Ultimately, it was Emma who convinced Regina to hold on to that hope even when it seemed impossible. She helped Regina believe that she doesn’t have to be fated to be lonely and miserable; as her mother once said, believing in even the possibility of a happy ending is a very powerful thing. Emma knows better than anyone that death doesn’t have to stop True Love; she walked into the Underworld and her True Love was eventually returned to her, so of course she would encourage Regina to at least try to bring Robin back.
Like his feather, Robin represents hope for Regina—hope that she can be happy for the right reasons, like love and family instead of vengeance and destruction. And because this is a show about hope, it always felt wrong for that hope to have been snatched away from Regina in such a cold and cruel way when Robin died. Robin’s death was brutal and bleak, and it made a lot of people question the show’s message of hope and happy endings. So Robin’s return felt like a much-needed reminder that this is a show where believing in good things is rewarded. Regina believed in her own ability to change her fate, and Robin believed in her enough to go with her—and they were both rewarded with his return (albeit, in a somewhat different form) to Storybrooke.
I’m not sure how this is going to play out, and I’m sure it will come with a price because magic always does. (I’m also not sure how all three of them got through the wardrobe—I thought it could only take two.) But for now, I’m choosing to be happy for Regina and happy for fans of her and Robin’s relationship (myself included). Things always felt a little off without Robin, and, although I know this isn’t the same Robin, it’s going to be nice to have him back for whatever amount of time we have him.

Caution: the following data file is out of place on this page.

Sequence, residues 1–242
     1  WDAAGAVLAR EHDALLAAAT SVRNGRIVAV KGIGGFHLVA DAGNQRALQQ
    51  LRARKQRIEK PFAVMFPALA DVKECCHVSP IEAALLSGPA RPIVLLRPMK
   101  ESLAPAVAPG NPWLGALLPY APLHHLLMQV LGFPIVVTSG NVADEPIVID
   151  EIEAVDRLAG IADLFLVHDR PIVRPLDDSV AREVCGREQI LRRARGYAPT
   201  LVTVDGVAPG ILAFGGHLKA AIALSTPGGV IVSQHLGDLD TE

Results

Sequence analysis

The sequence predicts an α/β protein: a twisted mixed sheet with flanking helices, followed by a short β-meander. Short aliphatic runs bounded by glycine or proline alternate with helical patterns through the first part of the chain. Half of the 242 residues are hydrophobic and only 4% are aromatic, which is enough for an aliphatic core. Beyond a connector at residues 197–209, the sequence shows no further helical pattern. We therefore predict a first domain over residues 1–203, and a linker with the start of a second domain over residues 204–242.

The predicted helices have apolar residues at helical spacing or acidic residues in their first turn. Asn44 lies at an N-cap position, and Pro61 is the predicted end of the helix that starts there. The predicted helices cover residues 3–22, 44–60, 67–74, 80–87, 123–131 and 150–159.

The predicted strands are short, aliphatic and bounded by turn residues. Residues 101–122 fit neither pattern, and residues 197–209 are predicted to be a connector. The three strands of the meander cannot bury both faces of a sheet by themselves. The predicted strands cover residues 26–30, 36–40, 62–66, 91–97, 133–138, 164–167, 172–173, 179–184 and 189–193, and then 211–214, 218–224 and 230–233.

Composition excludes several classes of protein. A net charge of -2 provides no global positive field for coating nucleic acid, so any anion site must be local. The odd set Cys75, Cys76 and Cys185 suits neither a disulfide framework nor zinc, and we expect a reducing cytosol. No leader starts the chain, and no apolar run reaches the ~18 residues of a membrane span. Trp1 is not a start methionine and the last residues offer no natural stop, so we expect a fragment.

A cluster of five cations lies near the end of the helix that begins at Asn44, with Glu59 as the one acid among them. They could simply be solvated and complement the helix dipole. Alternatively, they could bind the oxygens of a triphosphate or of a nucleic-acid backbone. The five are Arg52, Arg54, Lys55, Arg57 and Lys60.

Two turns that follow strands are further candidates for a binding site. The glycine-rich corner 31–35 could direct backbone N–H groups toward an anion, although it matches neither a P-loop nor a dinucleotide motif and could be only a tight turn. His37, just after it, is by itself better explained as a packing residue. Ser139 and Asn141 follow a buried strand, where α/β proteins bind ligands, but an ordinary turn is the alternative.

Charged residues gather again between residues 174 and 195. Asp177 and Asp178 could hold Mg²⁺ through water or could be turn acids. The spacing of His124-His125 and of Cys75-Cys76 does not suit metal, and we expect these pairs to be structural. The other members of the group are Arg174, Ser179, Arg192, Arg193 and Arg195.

When Robin, Regina, and Emma returned to Storybrooke, they found themselves immediately thrust into the middle of a battle they had no idea would be coming so soon. As Emma walked down the darkened main street, I was surprised by how quickly the show was going to have her face Gideon. (I couldn’t have been the only one to notice, though, that Emma was wearing a coat in the scene and a tank top in her vision, so I’m assuming this won’t be their only fight.) Ultimately, though, this moment was less about her facing Gideon and more about her facing her own demons. The fight scene was well choreographed, but the most important part wasn’t the swords clashing; it was the battle going on inside Emma to fight against what she had been told would be her fate. It was time for her to punch back and remind everyone that she gets to decide how her story ends. Her fate is in her hands, and those hands might have been shaking, but they were still powerful enough to punch back against those who want to tell her what her fate is.
Emma was right; she is fated to die—a basic fact of life is that it eventually ends. But that doesn’t mean she has to roll over and let death come for her just because someone told her it had to happen a certain way. With that perfectly delivered, “Not today,” Emma took back her fate, reclaimed her story, and chose to fight for her own destiny instead of one dictated by other forces. Emma Swan is a fighter, and I was so happy to see her fight for herself in addition to fighting for her loved ones. She is worth fighting for; she is worth protecting, and sometimes it’s good to be reminded that fighting for yourself can be just as important and noble as fighting for others.